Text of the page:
Hypothalamic Amenorrhea

Amenorrhea is the absence of menstruation, whether you miss one or multiple menstrual periods. Menstruation may fail to occur due to normal reasons- such as pregnancy or breast-feeding, or it may be a sign of a medical issue- like hypothalamic amenorrhea.

 

What is Hypothalamic Amenorrhea?

The hypothalamus is the portion of your brain that controls the pituitary gland and regulates hormones that start menstruation. In hypothalamic amenorrhea, the hypothalamus stops or slows production of gonadotropin releasing hormone (GnRH), which causes a reduction in follicle stimulating hormone (FSH) and luteinizing hormone (LH) that typical signal the ovaries to produce estrogen and mature eggs for release.

With lower than normal levels of FSH and LH, estrogen production and ovulation can stop- leading to amenorrhea and infertility.

 

Causes of Hypothalamic Amenorrhea

Typically, hypothalamic amenorrhea is the result of lifestyle and physical causes. Poor nutrition, stress and extreme exercise can alter signals in your brain. It is most commonly found in women with eating disorders, athletes and dancers. You are at a greater risk of hypothalamic amenorrhea is you have one or more of the following:

 

 

Diagnosing Hypothalamic Amenorrhea

Your fertility doctor will begin by examining all possible causes of amenorrhea, such as pregnancy, medication and thyroid issues. Blood tests will be used to measure your hormone levels. Another test your fertility doctor may recommend is a progesterone challenge. Administering progesterone will trigger menstruation in women with some forms of amenorrhea. For those suffering from hypothalamic amenorrhea, you will only begin to bleed when given both estrogen and progesterone.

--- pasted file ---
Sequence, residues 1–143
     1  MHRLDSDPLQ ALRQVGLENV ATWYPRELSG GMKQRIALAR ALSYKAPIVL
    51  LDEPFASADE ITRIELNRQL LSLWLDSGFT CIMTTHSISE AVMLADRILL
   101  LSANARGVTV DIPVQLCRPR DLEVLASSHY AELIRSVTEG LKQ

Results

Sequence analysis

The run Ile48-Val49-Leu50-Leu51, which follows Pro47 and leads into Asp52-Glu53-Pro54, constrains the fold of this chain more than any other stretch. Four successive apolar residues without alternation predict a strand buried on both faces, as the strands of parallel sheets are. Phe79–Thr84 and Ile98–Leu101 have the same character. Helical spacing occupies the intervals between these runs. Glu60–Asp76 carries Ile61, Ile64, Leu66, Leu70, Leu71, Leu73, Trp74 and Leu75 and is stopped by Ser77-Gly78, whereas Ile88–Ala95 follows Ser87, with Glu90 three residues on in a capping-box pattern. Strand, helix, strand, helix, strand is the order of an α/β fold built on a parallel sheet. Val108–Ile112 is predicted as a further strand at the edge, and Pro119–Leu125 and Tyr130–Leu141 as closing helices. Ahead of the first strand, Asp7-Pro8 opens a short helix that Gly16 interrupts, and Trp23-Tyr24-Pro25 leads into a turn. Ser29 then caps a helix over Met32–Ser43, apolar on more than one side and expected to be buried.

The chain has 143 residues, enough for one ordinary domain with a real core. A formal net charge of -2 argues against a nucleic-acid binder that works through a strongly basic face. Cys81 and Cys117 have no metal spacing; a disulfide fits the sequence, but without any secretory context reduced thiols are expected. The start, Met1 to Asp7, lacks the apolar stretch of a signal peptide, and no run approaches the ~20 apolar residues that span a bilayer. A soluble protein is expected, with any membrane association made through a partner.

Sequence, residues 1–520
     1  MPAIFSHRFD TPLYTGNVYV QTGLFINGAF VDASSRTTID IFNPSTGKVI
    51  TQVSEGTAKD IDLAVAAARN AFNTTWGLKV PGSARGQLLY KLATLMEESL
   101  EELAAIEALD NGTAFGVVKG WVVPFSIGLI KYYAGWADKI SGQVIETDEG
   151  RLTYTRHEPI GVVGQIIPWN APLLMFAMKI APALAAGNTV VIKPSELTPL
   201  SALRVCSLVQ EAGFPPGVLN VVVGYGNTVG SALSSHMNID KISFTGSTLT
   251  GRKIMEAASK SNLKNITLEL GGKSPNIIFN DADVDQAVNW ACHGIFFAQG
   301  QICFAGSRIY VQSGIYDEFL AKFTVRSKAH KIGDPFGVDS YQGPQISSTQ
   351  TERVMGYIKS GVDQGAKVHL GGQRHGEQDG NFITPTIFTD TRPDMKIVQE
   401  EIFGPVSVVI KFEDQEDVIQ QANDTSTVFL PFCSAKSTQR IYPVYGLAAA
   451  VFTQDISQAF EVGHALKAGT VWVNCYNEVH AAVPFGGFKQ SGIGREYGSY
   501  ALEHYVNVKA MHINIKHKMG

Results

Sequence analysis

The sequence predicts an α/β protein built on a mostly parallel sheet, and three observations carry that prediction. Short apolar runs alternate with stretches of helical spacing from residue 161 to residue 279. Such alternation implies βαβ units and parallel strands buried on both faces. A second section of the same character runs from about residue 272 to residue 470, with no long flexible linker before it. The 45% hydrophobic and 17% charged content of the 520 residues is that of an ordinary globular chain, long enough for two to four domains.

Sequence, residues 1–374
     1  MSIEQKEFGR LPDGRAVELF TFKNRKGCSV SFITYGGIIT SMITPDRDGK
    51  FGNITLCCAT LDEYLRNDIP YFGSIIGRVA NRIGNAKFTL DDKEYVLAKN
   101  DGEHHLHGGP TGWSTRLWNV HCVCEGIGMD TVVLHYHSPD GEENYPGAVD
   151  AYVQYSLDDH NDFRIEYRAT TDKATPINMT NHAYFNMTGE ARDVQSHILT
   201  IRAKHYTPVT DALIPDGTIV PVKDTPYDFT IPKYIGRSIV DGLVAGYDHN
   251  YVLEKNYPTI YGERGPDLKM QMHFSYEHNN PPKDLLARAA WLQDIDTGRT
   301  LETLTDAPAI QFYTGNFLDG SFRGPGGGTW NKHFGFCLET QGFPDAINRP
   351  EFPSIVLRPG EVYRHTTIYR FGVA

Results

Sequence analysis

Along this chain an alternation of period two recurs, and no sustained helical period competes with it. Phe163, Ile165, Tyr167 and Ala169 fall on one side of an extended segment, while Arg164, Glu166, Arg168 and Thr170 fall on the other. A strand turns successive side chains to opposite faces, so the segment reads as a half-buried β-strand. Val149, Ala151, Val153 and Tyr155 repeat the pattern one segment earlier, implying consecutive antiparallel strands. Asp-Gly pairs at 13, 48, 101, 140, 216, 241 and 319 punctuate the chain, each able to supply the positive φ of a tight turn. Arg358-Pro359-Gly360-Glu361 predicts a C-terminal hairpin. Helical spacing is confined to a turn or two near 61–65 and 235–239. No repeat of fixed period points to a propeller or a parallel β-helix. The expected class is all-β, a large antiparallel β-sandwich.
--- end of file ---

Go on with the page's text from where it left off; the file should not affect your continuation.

Hypothalamic Amenorrhea Treatment Options

If you are diagnosed with hypothalamic amenorrhea, your fertility doctor will likely recommend lifestyle changes. Finding mechanisms to reduce stress can help your body better regulate its hormone production. If you are underweight, you may need to gain in order to achieve a more healthy body weight. Your fertility doctor will also look to ensure you are receiving proper nutrition and maintaining a healthy exercise regimen- which may require you to increase calories and reduce workouts.

If you are trying to get pregnant, your fertility doctor can prescribe fertility drugs to induce ovulation and menstruation. Whether or not you are trying to get pregnant, it is important to address hypothalamic amenorrhea. When left untreated, it increases your risk of osteoporosis and heart disease.

You Might Also Enjoy...

The IVF Cycle: What to Expect

Are you considering in vitro fertilization? If you have been struggling to become pregnant due to low ovulation rates or another fertility issue, this could be the right path for you. Read on to learn more.

When to Consider Intrauterine Insemination

If you’re struggling to get pregnant, you might be wondering when to try a different method. Here’s when intrauterine insemination (IUI) can help you with your fertility issues and how our team can guide you through the process.

5 Reasons to Consider Freezing Your Eggs

Freezing your eggs can provide you with options as you age, giving you opportunities for family building whenever you’re ready. Read on to learn more about this innovative process.